The Formula One Teams' Association announced on Thursday night that it is setting up a breakaway championship.
Following a four-hour meeting at Renault's Enstone factory, the eight members of FOTA – Ferrari, McLaren, Renault, BMW, Toyota, Brawn, Red Bull and Scuderia Toro Rosso – said they had grown frustrated with the FIA's stance against the organization, and had no option but to create a series of their own.
"The teams cannot continue to compromise on the fundamental values of the sport and have declined to alter their original conditional entries to the 2010 World Championship," said a statement issued by FOTA after the meeting. "These teams therefore have no alternative other than to commence the preparation for a new championship which reflects the values of its participants and partners. This series will have transparent governance, one set of regulations, encourage more entrants and listen to the wishes of the fans, including offering lower prices for spectators worldwide, partners and other important stakeholders.
"The major drivers, stars, brands, sponsors, promoters and companies historically associated with the highest level of motorsport will all feature in this new series."
F1 teams were given until Friday evening to remove the conditions attached to the provisional entries they posted earlier this month, or risk being left off the grid in 2010.
FIA president Max Mosley wrote to the teams yesterday offering them some of the concessions that they wanted to see regarding governance of the sport, but made it clear that he was sticking to plans for the introduction of a budget cap. In his letter, Mosley also urged the teams to sign up to the championship before sorting out the final version of the regulations and a redrafted Concorde Agreement.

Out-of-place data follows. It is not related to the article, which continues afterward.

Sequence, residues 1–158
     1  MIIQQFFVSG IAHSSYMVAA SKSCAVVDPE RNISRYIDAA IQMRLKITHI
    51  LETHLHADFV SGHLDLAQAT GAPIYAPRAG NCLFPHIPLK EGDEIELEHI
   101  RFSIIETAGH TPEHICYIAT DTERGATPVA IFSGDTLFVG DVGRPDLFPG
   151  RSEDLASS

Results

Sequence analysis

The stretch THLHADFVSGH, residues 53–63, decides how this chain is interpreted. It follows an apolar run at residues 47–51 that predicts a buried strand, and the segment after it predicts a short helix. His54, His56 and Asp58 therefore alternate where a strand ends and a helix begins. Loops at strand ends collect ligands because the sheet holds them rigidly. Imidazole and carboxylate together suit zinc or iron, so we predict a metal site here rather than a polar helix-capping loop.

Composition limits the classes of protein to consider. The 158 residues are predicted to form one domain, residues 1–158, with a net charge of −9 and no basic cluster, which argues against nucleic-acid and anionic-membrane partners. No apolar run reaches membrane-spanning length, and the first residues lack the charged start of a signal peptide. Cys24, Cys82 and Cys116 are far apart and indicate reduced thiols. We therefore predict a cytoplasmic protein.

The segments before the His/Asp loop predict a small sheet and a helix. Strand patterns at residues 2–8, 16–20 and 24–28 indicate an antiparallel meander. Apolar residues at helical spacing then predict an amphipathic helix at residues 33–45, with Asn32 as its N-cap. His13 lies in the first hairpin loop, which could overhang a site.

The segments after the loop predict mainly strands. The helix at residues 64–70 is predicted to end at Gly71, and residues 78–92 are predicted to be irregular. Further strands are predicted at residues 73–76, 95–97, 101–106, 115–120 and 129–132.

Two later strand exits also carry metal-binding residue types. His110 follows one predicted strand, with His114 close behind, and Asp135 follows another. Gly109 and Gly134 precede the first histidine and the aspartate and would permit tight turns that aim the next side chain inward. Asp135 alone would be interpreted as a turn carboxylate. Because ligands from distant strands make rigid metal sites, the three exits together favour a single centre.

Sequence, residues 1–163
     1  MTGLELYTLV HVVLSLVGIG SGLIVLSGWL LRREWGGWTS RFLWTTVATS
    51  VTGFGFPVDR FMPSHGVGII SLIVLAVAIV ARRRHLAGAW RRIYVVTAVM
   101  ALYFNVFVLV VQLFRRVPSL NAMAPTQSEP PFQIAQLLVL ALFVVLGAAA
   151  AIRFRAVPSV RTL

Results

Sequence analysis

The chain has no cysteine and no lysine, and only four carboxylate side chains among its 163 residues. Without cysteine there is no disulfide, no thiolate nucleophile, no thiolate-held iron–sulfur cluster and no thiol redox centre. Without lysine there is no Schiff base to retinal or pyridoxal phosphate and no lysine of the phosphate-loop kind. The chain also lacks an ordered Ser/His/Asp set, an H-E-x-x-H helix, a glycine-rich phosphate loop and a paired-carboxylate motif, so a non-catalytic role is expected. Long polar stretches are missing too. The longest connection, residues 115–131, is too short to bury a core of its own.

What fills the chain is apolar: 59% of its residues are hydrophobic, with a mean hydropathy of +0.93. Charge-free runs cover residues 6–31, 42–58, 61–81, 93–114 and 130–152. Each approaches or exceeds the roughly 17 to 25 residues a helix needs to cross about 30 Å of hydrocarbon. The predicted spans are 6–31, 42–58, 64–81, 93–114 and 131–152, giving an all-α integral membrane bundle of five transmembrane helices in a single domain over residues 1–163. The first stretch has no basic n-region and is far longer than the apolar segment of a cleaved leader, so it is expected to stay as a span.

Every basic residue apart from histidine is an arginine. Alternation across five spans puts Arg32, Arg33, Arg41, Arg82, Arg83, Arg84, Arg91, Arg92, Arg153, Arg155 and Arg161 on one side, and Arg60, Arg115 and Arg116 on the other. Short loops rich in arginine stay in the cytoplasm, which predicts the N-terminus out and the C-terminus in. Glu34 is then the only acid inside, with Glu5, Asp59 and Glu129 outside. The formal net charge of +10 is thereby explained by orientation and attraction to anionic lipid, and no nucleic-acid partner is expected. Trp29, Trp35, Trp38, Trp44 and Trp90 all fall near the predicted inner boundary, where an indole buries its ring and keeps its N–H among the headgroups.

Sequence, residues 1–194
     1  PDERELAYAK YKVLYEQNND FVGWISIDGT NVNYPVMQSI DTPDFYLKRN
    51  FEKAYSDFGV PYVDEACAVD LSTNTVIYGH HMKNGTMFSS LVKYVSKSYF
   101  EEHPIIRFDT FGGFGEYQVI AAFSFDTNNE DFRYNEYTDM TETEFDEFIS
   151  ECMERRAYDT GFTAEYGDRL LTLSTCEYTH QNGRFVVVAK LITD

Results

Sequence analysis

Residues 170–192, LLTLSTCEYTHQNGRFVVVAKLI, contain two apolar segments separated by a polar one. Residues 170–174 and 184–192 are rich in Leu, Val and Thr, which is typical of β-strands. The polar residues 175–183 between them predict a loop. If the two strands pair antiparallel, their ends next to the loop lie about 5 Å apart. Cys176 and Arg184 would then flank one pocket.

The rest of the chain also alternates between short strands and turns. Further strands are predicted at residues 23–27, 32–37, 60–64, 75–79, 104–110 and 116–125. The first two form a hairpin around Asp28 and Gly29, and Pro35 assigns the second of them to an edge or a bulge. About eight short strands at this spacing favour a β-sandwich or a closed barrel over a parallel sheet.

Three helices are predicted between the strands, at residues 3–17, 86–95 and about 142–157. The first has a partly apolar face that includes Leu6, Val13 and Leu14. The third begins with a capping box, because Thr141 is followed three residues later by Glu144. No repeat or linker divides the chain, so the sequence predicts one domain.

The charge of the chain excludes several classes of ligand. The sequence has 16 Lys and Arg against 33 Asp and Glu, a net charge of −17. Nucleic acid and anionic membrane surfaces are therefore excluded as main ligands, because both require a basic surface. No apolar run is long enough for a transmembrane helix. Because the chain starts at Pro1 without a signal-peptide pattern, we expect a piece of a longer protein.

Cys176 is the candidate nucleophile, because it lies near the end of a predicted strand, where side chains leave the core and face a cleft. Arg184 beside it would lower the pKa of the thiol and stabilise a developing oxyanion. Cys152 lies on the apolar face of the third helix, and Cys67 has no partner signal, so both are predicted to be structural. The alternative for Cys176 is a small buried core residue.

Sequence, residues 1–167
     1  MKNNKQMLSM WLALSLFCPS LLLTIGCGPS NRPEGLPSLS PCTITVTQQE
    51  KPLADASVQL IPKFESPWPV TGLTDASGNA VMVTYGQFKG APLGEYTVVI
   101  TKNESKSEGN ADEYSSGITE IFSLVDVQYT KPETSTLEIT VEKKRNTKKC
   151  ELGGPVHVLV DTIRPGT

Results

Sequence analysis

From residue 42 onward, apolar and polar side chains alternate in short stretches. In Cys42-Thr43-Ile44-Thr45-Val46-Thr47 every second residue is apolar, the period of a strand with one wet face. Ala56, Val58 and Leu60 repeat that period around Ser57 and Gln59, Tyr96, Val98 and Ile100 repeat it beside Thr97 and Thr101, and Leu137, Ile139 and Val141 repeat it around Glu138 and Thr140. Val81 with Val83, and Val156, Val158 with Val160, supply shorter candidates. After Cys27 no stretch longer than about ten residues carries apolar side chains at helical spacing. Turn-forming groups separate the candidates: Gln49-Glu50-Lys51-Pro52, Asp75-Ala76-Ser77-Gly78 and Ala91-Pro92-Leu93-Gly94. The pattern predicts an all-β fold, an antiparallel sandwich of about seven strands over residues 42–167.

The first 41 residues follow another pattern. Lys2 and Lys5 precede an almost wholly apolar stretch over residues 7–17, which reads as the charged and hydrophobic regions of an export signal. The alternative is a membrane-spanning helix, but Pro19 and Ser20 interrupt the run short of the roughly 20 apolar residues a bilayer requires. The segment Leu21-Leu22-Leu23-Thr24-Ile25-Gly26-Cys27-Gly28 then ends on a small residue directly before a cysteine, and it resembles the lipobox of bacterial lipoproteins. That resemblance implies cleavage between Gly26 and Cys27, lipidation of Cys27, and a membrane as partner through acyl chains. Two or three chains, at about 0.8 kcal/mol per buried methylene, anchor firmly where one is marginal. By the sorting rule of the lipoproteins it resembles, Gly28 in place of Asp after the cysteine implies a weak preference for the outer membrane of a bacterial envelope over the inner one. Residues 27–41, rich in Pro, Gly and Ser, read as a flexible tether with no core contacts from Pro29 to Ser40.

In response to that letter, the teams met at Renault's Enstone, UK headquarters on Thursday evening for lengthy talks, where they finally decided that there was no way a compromise deal could be reached with the FIA.
The teams expressed frustration that their efforts to try and improve F1 had been rebuffed by the governing body and the sport's commercial rights holder (Bernie Ecclestone).
"Since the formation of FOTA last September the teams have worked together and sought to engage the FIA and commercial rights holder, to develop and improve the sport," said the statement "Unprecedented worldwide financial turmoil has inevitably placed great challenges before the F1 community. FOTA is proud that it has achieved the most substantial measures to reduce costs in the history of our sport.
"In particular the manufacturer teams have provided assistance to the independent teams, a number of which would probably not be in the sport today without the FOTA initiatives. The FOTA teams have further agreed upon a substantial voluntary cost reduction that provides a sustainable model for the future.
"Following these efforts all the teams have confirmed to the FIA and the commercial rights holder that they are willing to commit until the end of 2012.
"The FIA and the commercial rights holder have campaigned to divide FOTA. The wishes of the majority of the teams are ignored. Furthermore, tens of millions of dollars have been withheld from many teams by the commercial rights holder, going back as far as 2006. Despite this and the uncompromising environment, FOTA has genuinely sought compromise."
The announcement by FOTA looks certain to overshadow the British Grand Prix, which takes place at Silverstone for the final time this weekend and which Mosley is expected to attend tomorrow.
With FOTA's stance now seemingly leaving no room for a deal possible, it's likely that more new teams will be added to the FIA's 2010 Formula 1 entry list. The inclusion of Ferrari, Red Bull Racing and Scuderia Toro Rosso on that roster remains open to debate, however, with the FIA claiming that the teams committed themselves to F1 in a deal agreed several years ago.Related stories:FIA threatens legal action against FOTAFIA blames factions in FOTA for splitHorner: F1 future now in FIA’s handsEcclestone urged to broker compromiseMosley's proposal to FOTA